You Bet Your Life | Film & TV | Salt Lake City | Salt Lake City Weekly
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News » Film & TV

You Bet Your Life

Compulsive gambling takes a subtly fascinating spin in Owning Mahowny.



Dan Mahowny (Philip Seymour Hoffman) doesn’t celebrate with a fist pump when he hits a big craps roll in Owning Mahowny—he nudges his glasses back up his nose. He doesn’t moan in despair when he drops a $5,000 hand of blackjack—he hunches his shoulders a bit more tightly. From his expression and his demeanor, you probably wouldn’t have a clue whether Mahowny was up a million or down a million. You might not even be able to tell if his breath would fog glass.

Dan Mahowny is a nearly impossible man to read, and director Richard Kwietniowski doesn’t try to make it any easier. He’ll shoot Hoffman from behind at a pivotal moment, or use the high angles of casino surveillance cameras that leave his eyes in the shadow of his brows. But Mahowny’s impenetrability is one of the things that makes Owning Mahowny such a fascinating character study. There’s never been a cinematic examination of compulsive gambling that captures its adrenalized allure so brilliantly while keeping such a poker face.

It’s also based on a stranger-than-fiction true story. In the early 1980s, Mahowny has just become assistant manager of his Toronto bank, a promotion that includes supervising huge lines of credit for businesses. Though his bosses would have no way of knowing, this is a huge mistake: Mahowny has a major gambling addiction and suddenly finds himself with access to millions of dollars in ready cash. Siphoning funds from existing accounts and manufacturing bogus ones, Mahowny begins financing weekend trips to an Atlantic City casino, staying a step ahead of bank oversight while becoming known to the casino manager (John Hurt) as a favored high roller.

The big-money facts of the case—Mahowny’s fraud eventually hit a total over $10 million—certainly make it a sexier sell, and the film does find intrigue in the moments when Mahowny appears on the verge of being found out. But ultimately, the police blotter details are a feint to get at the man who pulled off such an astonishing white-collar heist.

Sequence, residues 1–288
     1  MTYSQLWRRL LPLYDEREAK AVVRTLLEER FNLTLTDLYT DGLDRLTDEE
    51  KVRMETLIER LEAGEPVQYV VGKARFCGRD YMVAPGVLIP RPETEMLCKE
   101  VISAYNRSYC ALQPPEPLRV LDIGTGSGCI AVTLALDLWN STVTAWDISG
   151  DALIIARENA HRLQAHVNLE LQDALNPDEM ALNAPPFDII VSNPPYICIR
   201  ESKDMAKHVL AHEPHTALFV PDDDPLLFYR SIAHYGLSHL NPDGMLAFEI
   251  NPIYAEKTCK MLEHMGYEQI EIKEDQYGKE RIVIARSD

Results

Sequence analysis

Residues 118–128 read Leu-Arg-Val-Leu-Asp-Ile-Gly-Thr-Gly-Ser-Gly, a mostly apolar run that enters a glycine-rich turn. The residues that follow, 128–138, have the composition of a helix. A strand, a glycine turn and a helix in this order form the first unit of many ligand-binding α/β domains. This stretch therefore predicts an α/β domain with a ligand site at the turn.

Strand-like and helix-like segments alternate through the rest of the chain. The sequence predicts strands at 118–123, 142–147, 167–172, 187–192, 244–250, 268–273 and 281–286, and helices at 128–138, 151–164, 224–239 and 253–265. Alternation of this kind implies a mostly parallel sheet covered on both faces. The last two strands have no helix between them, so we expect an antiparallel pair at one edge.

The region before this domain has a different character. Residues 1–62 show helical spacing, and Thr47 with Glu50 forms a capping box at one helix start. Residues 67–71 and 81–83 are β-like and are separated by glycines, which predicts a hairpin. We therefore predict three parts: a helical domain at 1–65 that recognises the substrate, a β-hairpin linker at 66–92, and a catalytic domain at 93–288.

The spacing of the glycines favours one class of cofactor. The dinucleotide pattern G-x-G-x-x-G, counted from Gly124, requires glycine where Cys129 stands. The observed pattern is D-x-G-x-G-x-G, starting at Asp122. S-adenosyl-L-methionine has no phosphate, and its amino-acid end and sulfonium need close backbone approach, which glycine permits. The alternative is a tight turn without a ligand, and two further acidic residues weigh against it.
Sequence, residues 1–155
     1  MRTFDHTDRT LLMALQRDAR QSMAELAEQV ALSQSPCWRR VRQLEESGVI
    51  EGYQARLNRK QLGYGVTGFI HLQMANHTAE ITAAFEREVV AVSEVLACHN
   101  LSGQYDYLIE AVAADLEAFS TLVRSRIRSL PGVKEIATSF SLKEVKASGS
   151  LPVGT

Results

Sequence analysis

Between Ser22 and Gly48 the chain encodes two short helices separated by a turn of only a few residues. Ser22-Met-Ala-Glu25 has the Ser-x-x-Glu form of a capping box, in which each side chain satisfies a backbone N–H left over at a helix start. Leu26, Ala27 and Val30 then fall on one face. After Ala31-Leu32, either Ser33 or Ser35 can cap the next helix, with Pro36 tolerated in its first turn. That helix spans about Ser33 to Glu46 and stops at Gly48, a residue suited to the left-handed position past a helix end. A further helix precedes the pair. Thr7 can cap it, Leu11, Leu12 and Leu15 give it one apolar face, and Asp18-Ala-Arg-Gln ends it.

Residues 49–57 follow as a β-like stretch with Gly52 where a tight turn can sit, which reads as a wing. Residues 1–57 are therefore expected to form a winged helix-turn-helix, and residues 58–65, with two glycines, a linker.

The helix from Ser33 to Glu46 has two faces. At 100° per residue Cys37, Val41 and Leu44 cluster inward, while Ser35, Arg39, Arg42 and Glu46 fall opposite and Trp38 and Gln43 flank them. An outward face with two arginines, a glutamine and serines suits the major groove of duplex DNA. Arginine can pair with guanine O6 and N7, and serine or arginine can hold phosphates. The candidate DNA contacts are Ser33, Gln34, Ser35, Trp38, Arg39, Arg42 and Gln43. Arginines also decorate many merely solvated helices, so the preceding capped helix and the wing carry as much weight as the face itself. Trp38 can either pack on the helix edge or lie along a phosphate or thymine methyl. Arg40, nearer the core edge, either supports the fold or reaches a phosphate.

Kwietniowski’s revelation is that Mahowny succeeded as a crook for the same reason he couldn’t resist a wager. As smartly played by the always riveting Hoffman, Dan Mahowny lives a virtually passionless existence, an invisible ergo trustworthy cog in a conservative financial machine. No one suspects him of misbehavior because he offers no evidence of appetite, which is why he so desperately needs to feed his betting jones: Only one thing in his life gives him any sense of being alive. Mahowny’s bookie (Maury Chaykin) bluntly sums up that Mahowny only wins “so he’ll have the money to keep losing,” but he only gets it half right. Neither winning nor losing particularly matter to Mahowny, since both give him the rush of pleasure he can’t find anywhere else.

With so much going on beneath the surface of Mahowny’s character, it’s inevitably a downer whenever the narrative drifts away to obligatory subplots. We follow investigators as they piece together the case against Mahowny, knowing that while we may only be here because of the crime, the crime itself feels largely incidental to its impact on Mahowny’s habit. More distracting still are domestic troubles between Mahowny and his long-suffering live-in girlfriend Belinda (Minnie Driver). It’s a thankless role, and not just because Driver is saddled with a classic Farrah 1980s ’do. She’s simply playing the understanding martyr, always there for her man for reasons we can never quite comprehend. At least when Mahowny continues to play a sucker’s game, we get a sense for why.

Whenever it’s not worried about its protagonist’s legal or romantic future, Owning Mahowny slinks along on a slick score by The Insects and Kwietniowski’s confident pacing. He never tries to play up the frantic visuals of the casinos, more content to showcase the magnetic performances by Hoffman and Hurt (who was equally brilliant in Kwietniowski’s debut feature Love and Death on Long Island). It’s so effectively understated for so long, it’s something of a disappointment when Kwietniowski buckles and has Mahowny confess to a therapist what we’ve already figured out about his addiction. There’s much more to the story when it lingers behind the stare of a man whose pulse only quickens when the chips are down.